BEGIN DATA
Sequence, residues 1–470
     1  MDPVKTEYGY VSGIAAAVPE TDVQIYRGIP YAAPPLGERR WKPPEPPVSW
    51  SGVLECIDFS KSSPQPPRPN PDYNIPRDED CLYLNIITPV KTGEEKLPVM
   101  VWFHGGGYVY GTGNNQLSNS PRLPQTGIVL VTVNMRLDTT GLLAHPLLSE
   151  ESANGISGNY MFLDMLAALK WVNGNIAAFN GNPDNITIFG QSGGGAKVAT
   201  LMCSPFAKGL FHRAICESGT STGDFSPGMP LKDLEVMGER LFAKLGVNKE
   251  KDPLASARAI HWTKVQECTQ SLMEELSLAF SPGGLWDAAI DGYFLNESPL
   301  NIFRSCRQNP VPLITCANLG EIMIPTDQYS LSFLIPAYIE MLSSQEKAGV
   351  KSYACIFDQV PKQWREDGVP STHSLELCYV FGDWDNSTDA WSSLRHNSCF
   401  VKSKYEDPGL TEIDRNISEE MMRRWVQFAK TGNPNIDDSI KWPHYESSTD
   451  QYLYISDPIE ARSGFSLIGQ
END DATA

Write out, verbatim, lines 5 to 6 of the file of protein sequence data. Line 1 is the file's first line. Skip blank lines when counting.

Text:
   151  ESANGISGNY MFLDMLAALK WVNGNIAAFN GNPDNITIFG QSGGGAKVAT
   201  LMCSPFAKGL FHRAICESGT STGDFSPGMP LKDLEVMGER LFAKLGVNKE